Now that I’m a grandmother, I spend a lot of time thinking about my own grandparents.
That’s not to say I didn’t appreciate them when they were alive, but I find that I’m able to see things from their perspective now. I sometimes wish I could go back in time so I could do a few things differently. I know I would spend more time just listening, soaking them in.
I understand now how it really is the little things adding up to be the big things that will be remembered and passed on for generations. The times that seem so insignificant you don’t even notice while they are happening are the important times.
Days spent running around the yard in my bare feet, stopping to climb under a magnolia tree to feel its coolness and to pretend I was inside my own castle. Glancing up at the way the sun shone through its leaves and huge white flowers is a memory that will be forever etched in my mind. And it didn’t cost a thing.
Life just wasn’t rushed at my grandparents’ house. I had a lot of time to play.
Being given a bowl to take outside to fill with blackberries from the bushes that surrounded my grandparent’s property. Eating quite a few before reluctantly handing that bowl over and then standing on a chair in the kitchen just to watch my grandmother turn those berries into a delicious pie. Those blackberries didn’t cost a thing, but the lessons I learned in her kitchen are still with me today.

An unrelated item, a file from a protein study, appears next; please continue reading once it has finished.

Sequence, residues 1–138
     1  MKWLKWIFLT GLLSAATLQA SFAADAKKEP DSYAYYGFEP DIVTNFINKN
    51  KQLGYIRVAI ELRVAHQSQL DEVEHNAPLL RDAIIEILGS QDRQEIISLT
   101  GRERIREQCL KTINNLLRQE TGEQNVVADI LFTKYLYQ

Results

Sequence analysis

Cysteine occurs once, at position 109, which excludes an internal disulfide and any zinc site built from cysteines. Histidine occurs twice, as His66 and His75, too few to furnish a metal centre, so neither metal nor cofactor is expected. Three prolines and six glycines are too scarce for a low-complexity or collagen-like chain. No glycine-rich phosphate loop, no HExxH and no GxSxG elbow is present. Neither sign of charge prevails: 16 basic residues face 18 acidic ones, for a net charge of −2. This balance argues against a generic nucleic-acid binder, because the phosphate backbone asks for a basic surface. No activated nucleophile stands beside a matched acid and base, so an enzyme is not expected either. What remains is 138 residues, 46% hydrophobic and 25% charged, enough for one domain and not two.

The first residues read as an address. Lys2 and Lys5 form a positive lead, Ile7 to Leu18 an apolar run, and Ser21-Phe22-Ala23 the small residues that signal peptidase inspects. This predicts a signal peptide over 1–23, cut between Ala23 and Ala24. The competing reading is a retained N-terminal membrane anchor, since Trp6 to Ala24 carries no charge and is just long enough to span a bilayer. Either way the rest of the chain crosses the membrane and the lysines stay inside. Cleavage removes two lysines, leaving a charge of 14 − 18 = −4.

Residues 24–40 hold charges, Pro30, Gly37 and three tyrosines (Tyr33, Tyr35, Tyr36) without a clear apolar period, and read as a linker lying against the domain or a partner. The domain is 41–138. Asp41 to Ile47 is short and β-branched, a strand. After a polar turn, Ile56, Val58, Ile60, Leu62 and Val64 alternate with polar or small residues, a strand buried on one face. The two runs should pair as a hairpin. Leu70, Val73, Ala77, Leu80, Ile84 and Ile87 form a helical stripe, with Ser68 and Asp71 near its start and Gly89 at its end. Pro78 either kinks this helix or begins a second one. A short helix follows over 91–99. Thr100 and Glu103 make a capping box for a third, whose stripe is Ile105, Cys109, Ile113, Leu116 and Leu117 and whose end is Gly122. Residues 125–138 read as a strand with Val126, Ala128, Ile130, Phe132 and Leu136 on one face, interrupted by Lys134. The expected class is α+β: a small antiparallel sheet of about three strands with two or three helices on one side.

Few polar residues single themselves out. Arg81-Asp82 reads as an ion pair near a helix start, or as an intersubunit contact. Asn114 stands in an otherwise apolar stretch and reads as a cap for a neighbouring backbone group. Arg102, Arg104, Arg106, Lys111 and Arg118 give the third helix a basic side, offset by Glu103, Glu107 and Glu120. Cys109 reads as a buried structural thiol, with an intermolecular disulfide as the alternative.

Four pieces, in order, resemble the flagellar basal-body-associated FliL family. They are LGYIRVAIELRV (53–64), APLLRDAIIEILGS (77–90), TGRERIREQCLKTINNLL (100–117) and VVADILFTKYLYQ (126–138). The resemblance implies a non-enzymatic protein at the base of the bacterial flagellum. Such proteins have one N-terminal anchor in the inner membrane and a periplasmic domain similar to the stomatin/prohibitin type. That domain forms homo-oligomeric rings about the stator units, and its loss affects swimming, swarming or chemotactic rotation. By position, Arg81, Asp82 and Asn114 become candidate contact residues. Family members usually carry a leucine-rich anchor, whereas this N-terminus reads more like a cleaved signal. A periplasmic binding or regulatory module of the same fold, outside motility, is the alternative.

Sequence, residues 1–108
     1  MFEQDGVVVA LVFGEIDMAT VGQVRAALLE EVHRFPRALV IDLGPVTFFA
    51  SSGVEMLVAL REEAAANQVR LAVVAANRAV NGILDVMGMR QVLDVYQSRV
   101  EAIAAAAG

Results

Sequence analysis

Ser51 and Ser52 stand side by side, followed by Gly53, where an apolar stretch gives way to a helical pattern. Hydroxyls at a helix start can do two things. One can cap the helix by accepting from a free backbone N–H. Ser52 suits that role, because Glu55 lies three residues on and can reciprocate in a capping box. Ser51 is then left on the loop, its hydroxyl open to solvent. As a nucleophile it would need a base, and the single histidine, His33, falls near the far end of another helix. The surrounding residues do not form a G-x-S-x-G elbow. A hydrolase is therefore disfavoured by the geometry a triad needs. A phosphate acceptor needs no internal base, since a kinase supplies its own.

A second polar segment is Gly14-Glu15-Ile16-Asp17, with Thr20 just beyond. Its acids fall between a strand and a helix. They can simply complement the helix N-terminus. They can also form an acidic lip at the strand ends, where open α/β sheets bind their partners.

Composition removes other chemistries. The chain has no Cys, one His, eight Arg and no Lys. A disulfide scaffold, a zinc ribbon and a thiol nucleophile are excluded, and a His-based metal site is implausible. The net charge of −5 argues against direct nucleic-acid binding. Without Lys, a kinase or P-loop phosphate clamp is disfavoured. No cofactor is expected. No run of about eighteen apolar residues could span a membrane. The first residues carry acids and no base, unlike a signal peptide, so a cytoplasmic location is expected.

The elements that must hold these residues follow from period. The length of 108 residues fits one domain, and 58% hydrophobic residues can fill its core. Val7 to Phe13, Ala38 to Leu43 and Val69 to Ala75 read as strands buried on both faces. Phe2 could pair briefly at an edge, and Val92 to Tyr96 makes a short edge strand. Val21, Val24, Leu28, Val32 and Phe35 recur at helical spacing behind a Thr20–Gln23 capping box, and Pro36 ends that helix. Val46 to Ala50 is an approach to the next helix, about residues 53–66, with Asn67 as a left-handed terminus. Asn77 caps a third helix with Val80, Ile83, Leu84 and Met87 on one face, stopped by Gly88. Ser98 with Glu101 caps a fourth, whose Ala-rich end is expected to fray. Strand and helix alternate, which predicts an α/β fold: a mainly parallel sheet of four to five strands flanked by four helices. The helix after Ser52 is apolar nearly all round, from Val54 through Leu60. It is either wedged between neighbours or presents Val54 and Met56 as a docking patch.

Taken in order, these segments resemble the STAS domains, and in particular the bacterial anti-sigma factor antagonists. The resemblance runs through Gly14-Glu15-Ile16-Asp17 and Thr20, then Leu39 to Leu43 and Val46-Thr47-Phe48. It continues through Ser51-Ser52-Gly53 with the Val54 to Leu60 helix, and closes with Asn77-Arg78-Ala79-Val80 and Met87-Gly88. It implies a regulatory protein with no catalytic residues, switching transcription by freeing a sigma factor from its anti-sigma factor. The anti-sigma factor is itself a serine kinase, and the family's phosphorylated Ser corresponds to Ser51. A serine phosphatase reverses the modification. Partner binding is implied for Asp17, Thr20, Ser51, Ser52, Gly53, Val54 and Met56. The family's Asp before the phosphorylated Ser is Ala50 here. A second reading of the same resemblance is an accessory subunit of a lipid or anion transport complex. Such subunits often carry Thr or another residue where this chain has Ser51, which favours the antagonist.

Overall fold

Decades later, while cleaning out my attic, finding words of love and affirmation written in my grandmother’s handwriting. Sitting down on the floor with my back to the wall as tears course down my face reading those words, realizing they were written by a woman who was once where I am now, who lived the life I’ve been living. Understanding finally dawning that she wasn’t always just my grandmother and loving her all the more for knowing it. Her words are priceless to me, but they didn’t cost her a thing to write.
I’m the grandmother now. I see things from the other end of life.
Creating memories is important to me, but I’m growing increasingly aware of the fact that they aren’t mine to be made. They are for the babies. Already I hear them talking about “Remember when?” and I have to chuckle. Time, like age, just can’t be understood until you’ve experienced a lot of both.
And time is something we don’t get back. I’m grateful for every single memory I made as a child with my grandparents. I pull them out, dust them off, and treasure them. Memories don’t have to cost a thing to make, but they will end up, one day, being a gift you didn’t even know you were being given.